Potato may help feed Ethiopia in era of climate change

May 15, 2013 by Blaine Friedlander
Potato may help feed Ethiopia in era of climate change
Semagn-Asredie Kolech, left-center, doctoral candidate in horticulture, poses with a group of Ethiopian farmers after surveying their practices.

With unpredictable annual rainfall and drought once every five years, climate change presents challenges to feeding Ethiopia. Adapting to a warming world, the potato is becoming a more important crop there – with the potential to feed much of Africa.

Semagn-Asredie Kolech, a Cornell in the field of horticulture, studies the potato and bridges the tradition of Ethiopian farming with the modernity of agricultural science.

He shuttles between Ethiopia and Ithaca to examine and research efficient in the shadow of . "The potato is a good strategy crop for global warming. It has a short growing season, it offers higher yields, it's less susceptible to , and you can grow 40 tons per hectare. With wheat and corn, you don't get more than 10 tons a hectare," Kolech says.

Ethiopia sits on the brink of thriving financial and gross domestic product forecasts, as its government formally merges green economics with climate-change resilient policies. But the country's suffers from poor cultivation practices and frequent drought. However, new efforts – including Kolech's research – are beginning to fortify the country's agricultural resilience, reducing the threat of starvation and bringing on the rising possibility of exporting potatoes to other African countries.

Annually, Ethiopian farmers plant potatoes in the spring and late summer. Yet, they still search for optimum planting dates and vie for vibrant drought-tolerant varieties if planted in the short-rain season, and sidestepping , if planted in the longer .

At an Atkinson Center for a Sustainable Future forum in March, Kolech presented preliminary research gathered last summer. He surveyed Ethiopian farmers in potato-growing regions to understand their varietal inventory and crop practices. Farmers tried new varieties, but they often reverted back to using their traditional , he said. For example, in the Shashemene district (southern Ethiopia) about 47 percent of farmers used new varieties before 2012. That percentage dropped to 17 percent willing to use new varieties in 2012. Further, he found that in the Yilmana district, the use of new varieties dropped to 15 percent last season, down from 35 percent prior to 2012.

Kolech said that he found that the usage drop-off is due mostly to poor storage quality. New varieties have good attributes, such as high yield and late blight resistance, but in northwestern Ethiopia where more than 40 percent of potatoes are grown, the potato color and taste changes in storage earlier than the local varieties.

To hedge bets on drought or late blight, Kolech found the farmers revert to traditional varieties in the Shashemene district to alleviate food shortage. This summer, he will continue to survey farmers and collect the local cultivars for genetic diversity analysis, and then test these varieties for drought-stress tolerance.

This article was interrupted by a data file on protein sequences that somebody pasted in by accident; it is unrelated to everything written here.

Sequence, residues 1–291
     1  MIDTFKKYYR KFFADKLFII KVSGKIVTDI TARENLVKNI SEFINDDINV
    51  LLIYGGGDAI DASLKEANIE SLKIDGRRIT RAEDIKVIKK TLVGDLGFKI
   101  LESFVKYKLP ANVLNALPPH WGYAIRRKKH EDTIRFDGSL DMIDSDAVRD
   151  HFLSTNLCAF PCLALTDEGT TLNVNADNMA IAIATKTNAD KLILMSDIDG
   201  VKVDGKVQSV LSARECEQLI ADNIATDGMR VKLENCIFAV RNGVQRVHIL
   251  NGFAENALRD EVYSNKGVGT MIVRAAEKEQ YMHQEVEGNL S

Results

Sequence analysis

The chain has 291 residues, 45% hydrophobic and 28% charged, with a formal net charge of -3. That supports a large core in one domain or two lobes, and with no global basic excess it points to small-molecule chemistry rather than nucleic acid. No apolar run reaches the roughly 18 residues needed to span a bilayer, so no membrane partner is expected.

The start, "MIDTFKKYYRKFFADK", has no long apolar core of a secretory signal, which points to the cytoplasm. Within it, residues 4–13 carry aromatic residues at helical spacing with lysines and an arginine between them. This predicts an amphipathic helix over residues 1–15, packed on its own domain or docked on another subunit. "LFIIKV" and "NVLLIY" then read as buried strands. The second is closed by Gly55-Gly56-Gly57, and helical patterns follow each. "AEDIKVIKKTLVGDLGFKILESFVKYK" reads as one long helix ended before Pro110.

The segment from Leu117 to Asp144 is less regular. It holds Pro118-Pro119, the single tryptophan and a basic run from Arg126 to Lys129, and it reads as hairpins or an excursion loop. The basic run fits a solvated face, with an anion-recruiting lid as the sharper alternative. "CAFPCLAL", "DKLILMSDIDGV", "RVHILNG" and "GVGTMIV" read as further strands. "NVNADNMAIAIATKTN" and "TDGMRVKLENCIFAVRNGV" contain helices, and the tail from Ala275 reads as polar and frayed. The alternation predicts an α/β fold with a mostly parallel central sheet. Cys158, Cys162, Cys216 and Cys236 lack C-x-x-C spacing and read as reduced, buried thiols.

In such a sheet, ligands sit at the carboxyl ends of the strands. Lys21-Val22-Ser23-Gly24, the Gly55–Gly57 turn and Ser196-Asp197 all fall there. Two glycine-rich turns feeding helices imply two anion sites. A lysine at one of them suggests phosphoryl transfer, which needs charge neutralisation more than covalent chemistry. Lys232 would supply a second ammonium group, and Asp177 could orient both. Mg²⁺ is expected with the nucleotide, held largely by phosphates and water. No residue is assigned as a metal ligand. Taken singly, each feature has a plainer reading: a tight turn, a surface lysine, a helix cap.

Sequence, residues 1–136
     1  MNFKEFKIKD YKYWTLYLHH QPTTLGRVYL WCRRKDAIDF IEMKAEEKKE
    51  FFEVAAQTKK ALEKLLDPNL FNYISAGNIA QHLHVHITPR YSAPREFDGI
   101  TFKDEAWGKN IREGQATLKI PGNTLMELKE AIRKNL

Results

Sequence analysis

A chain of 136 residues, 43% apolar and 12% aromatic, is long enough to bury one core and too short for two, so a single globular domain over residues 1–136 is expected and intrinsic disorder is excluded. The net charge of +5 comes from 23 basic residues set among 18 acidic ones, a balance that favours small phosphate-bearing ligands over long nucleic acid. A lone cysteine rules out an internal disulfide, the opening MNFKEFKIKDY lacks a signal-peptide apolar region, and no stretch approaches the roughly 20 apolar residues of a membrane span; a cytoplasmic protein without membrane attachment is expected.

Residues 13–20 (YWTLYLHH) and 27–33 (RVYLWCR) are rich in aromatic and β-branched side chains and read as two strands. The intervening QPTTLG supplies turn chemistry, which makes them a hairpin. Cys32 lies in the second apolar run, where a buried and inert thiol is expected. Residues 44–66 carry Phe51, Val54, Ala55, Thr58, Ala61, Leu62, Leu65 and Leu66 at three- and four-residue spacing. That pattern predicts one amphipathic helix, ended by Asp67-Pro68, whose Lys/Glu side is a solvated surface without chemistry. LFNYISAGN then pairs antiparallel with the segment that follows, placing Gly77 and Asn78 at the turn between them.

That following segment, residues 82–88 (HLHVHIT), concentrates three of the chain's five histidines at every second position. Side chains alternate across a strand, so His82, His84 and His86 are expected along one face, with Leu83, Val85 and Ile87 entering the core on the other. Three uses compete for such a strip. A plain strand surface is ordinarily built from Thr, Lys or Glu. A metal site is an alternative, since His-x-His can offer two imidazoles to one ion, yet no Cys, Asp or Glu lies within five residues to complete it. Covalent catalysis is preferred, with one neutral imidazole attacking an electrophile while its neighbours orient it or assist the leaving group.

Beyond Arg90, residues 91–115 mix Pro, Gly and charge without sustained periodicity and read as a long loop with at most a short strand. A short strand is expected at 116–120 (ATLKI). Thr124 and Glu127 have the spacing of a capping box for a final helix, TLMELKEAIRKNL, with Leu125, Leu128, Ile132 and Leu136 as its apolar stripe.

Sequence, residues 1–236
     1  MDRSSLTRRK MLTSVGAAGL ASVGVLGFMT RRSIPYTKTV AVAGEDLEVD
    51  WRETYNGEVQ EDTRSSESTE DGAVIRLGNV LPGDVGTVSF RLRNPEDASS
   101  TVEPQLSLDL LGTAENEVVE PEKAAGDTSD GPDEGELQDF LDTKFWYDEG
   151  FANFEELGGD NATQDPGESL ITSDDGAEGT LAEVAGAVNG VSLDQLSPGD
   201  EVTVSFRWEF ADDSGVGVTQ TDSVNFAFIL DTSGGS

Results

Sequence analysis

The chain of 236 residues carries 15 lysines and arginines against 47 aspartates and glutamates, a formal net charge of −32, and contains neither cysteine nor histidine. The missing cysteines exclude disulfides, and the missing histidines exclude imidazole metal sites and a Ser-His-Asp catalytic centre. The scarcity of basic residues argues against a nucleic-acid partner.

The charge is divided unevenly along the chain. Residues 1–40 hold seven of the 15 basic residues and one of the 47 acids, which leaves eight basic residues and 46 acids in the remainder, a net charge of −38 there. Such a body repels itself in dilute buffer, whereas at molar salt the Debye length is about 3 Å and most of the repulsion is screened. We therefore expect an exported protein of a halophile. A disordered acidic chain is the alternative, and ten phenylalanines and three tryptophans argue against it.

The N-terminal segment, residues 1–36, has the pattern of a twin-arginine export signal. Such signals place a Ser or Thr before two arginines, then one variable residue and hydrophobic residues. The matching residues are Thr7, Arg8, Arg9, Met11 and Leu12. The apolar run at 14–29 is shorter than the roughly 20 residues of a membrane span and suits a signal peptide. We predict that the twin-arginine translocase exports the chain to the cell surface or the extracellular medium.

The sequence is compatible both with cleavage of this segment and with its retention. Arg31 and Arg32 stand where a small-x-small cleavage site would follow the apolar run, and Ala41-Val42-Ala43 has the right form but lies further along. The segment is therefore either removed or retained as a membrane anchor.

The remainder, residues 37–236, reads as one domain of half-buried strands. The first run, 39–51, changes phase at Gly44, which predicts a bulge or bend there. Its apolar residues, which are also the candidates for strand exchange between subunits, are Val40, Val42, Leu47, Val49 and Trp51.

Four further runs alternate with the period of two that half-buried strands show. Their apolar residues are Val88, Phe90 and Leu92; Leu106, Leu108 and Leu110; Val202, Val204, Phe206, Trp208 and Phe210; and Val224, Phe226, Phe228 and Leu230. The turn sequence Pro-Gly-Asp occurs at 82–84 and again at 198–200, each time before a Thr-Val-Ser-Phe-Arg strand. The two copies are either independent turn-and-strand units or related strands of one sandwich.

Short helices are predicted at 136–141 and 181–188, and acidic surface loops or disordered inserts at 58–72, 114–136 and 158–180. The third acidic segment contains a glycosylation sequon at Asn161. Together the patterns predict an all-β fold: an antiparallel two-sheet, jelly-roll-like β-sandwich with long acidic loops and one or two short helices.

In 1970 Ethiopian farmers planted less than 30,000 hectares of potatoes. Today, more than 160,000 hectares are planted. With a population of 93 million and a land size almost double that of Texas, Ethiopia can accommodate growing 3 million hectares of potatoes, Kolech says.

Explore further: Oregon food label measure headed for recount

add to favorites email to friend print save as pdf

Related Stories

Farmers markets driving tomato research

Feb 07, 2013

The emergence of farmers markets in the Lower Rio Grande Valley has led to new research that shows planting dates affect the productivity of organic tomatoes, according to an expert at the Texas A&M AgriLife ...

UW scientists probe, attack late blight in potatoes

Sep 03, 2012

(Phys.org)—As the annual potato harvest begins, Wisconsin farmers continue to check their fields for late blight, the ferocious plant disease that caused the 1848 Irish potato famine and fueled massive ...

Recommended for you

Oregon food label measure headed for recount

Nov 25, 2014

Tallies of the last remaining ballots show an Oregon measure that would require labeling of genetically modified foods lost by only 809 votes and is headed for an automatic recount.

How photosynthesis changed the planet

Nov 20, 2014

Two and a half billion years ago, single-celled organisms called cyanobacteria harnessed sunlight to split water molecules, producing energy to power their cells and releasing oxygen into an atmosphere that ...

From dried cod to tissue sample preservation

Nov 19, 2014

Could human tissue samples be dried for storage, instead of being frozen? Researchers are looking at the salt cod industry for a potential tissue sample drying technology that could save money without sacrificing tissue quality.

User comments : 0

Please sign in to add a comment. Registration is free, and takes less than a minute. Read more

Click here to reset your password.
Sign in to get notified via email when new comments are made.